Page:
When the dates for the Australian Open of Surfing at Manly Beach were announced last year the skeptics jumped straight in.
"It's summer time," they scoffed, "Manly? What are they thinking? Sydney doesn't get any surf in the summer."
With day seven of the nine-day event done and dusted, where are those skeptics now? Their voices have been silenced by crowds in excess of 10,000 last week, surfing that has seasoned observers baffled at the airs, skating from the world's best vert riders, and music from some of Australia's top bands.
In a collaboration that still has industry insiders shaking their heads, Hurley and Billabong have successfully brought the US Open of Surfing to Australian Shores. Manly Beach is, in effect, an inner city beach. It's the first beach on Sydney's northern peninsular and the easiest to access from the city via a cross-harbor ferry. The event structure is over 100 yards long. It starts with the sound stage, which joins up with the skate bowl and then the surfing structure that rolls into a media area. It takes about 10 minutes to walk past the whole structure -- or if you've got one of those groovy Vespa scooters or a beach cruiser, then you can half that time. Driving by in car? Forget it -- it's jammed up night and day.
The surfing part of the Australian Open has been a marathon. They are running a Junior Men and Women's event along with six-star Men and Women's events. The schedule has been full every day, and with just two more days to go, all four divisions are at the business end.
The Junior event is down to the semi finals. Matt Banting, of Australia, is in the semis of the Juniors and made it through to the round of 16 in the six-star where he dropped top seeded Taj Burrow late today. He's set for a busy couple of days if he keeps the results coming.
The women are down to the semis and it's all big hitters. Laura Enever, Sally Fitzgibbons, Sofia Mulanovich and tour rookie, Malia Manuel, will fight it out for the title.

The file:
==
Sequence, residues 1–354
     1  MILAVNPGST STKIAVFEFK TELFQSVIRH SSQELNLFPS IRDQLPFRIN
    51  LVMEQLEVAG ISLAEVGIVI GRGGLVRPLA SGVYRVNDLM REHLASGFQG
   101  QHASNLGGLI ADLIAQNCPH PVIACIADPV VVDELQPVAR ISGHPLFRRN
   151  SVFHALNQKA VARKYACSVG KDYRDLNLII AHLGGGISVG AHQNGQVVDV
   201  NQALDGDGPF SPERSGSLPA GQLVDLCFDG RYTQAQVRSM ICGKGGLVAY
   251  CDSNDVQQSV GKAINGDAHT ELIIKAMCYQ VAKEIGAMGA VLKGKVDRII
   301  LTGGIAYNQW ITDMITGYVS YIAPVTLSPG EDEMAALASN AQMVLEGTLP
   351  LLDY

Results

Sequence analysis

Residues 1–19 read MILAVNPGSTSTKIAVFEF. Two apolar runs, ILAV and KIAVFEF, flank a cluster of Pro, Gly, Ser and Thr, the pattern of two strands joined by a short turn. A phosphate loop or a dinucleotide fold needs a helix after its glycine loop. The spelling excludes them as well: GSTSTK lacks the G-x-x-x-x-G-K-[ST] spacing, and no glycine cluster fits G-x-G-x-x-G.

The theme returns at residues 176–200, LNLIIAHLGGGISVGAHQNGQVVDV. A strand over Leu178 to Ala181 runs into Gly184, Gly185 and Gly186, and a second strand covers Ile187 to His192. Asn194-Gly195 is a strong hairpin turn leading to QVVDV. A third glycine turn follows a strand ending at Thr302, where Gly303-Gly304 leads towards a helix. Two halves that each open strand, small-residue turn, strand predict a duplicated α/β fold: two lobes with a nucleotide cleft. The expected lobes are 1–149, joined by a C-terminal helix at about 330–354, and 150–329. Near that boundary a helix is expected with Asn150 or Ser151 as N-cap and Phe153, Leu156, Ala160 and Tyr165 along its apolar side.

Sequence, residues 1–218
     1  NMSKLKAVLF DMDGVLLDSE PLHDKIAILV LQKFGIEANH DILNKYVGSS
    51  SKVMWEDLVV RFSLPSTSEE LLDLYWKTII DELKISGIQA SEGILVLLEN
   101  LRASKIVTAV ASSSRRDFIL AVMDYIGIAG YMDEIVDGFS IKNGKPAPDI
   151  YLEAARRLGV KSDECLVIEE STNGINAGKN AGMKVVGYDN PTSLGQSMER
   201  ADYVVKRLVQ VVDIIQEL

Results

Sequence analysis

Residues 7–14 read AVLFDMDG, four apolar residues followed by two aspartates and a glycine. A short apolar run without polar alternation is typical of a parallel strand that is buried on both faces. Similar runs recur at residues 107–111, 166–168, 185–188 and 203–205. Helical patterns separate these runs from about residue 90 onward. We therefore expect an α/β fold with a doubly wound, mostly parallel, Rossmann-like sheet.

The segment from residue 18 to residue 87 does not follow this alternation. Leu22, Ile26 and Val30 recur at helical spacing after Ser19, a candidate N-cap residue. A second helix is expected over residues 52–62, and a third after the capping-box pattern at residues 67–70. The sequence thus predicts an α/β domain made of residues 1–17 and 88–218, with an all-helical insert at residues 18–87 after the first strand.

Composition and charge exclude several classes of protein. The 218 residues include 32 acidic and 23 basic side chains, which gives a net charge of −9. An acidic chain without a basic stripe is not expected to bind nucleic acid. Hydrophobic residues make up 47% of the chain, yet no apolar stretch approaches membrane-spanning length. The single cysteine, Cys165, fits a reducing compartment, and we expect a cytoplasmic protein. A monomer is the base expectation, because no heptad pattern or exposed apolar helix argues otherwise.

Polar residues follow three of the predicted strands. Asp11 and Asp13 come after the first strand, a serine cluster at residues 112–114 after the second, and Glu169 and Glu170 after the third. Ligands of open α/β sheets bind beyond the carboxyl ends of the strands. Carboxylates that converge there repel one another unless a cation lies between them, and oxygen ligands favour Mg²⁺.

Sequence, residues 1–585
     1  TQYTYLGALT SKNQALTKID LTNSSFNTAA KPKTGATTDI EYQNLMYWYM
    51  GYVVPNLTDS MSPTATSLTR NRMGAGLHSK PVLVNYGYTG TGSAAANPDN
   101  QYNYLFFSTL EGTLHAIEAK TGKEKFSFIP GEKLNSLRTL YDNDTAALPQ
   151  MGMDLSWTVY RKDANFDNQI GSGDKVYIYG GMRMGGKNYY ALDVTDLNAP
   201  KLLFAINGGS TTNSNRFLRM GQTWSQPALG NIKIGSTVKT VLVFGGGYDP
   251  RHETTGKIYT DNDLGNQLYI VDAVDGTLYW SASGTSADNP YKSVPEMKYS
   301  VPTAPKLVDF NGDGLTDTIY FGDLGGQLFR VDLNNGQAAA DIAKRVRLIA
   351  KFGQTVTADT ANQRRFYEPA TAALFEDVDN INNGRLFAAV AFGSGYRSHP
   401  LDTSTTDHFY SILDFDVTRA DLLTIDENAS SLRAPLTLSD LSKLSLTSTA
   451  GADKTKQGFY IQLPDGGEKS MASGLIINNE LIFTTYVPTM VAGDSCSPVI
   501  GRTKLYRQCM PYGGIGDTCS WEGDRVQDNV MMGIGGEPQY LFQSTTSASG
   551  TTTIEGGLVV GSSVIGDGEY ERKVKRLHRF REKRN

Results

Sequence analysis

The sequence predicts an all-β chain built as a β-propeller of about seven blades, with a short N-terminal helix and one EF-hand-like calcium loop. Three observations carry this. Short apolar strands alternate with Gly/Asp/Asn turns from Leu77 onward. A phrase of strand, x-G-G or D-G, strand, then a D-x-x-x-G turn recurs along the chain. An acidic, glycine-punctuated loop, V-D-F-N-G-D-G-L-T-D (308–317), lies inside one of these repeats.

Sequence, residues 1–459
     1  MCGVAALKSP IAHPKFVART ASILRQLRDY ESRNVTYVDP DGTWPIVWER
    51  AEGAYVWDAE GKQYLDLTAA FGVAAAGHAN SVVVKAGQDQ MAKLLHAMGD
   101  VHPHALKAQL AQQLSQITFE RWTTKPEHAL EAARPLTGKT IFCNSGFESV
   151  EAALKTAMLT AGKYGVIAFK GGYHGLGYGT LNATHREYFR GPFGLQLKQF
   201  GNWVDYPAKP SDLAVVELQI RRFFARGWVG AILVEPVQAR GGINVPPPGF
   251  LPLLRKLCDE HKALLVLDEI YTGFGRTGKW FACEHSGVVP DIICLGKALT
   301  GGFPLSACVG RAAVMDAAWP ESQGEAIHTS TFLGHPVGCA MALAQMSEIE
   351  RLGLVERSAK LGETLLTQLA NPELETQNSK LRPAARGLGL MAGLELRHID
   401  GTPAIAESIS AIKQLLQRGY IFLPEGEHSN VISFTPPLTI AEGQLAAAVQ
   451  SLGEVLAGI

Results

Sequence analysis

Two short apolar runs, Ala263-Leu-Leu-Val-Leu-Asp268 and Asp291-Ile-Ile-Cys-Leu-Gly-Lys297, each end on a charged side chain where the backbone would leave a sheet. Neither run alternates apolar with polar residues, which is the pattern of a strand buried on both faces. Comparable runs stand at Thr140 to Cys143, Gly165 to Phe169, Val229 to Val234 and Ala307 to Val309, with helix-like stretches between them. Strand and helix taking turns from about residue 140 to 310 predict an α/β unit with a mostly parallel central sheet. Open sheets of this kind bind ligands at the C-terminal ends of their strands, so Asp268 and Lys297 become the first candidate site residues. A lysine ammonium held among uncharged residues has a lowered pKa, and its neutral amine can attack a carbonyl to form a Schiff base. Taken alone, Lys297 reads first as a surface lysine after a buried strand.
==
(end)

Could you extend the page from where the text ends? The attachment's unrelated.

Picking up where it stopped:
The Men's six-star still have a few rounds to go but the big names are putting their stamp on the event. Jordy Smith pushed his big frame around in the two to three-foot surf today.
"It feels good to pull on a jersey again," he said standing on the water's edge after his win today. "I haven't had one on my back since Hawaii, so it's good to get out there again. Today's a little small for me and a little hard for someone my size. I weigh around 190 pounds and every one else is around the130 zone, so that extra 60 pounds makes for hard work [puffs], but it's still fun."
Joel Parkinson is the number one seed for the event, and while he was laughing after his heat late today, it wasn't an easy one for him. The conditions were small and had an afternoon sea breeze roughing up the waves. He was up against Top 34 tour rookie Kolohe Andino and former world tour surfer, Shaun Cansdell in one of the toughest heats of the day.
Parkinson surfed a very smart heat but he'd gone out of his comfort zone to get through. Normally Parkinson would be riding a rounded squash tail, or occasionally a rounded pintail, but he's been mixing it up a little. He had a warm up surf on one of his traditional boards but wasn't happy so he just grabbed the swallow tail out of his bag, which worked incredible well for his first heat. When questioned about his board choice he just laughed and replied, "Yeah, I've been riding them at home. [Gold Coast] It is something a little different for me -- a little JS special [laughs], but they're working."
The boards needed to work because the conditions were perfect for Andino. When asked about the heat, Parko asked a question straight back:
"Kolohe? Out there in little waves with an onshore? What do you think? Those waves were right up his alley. It was really tough and I was kinda lucky."
Parkinson showed why he's rated number two in the world by jamming a little air reverse to finish. "I'll try and hold off doing too many airs until the last day because I don't want to give too much away," he joked as he left the beach.
The massive crowds at Manly have so far been treated to world class surfing and skating with bands to match. If it's a hot summer weekend the final days will see the event rival its northern hemisphere cousin in every way. Skeptics, take cover.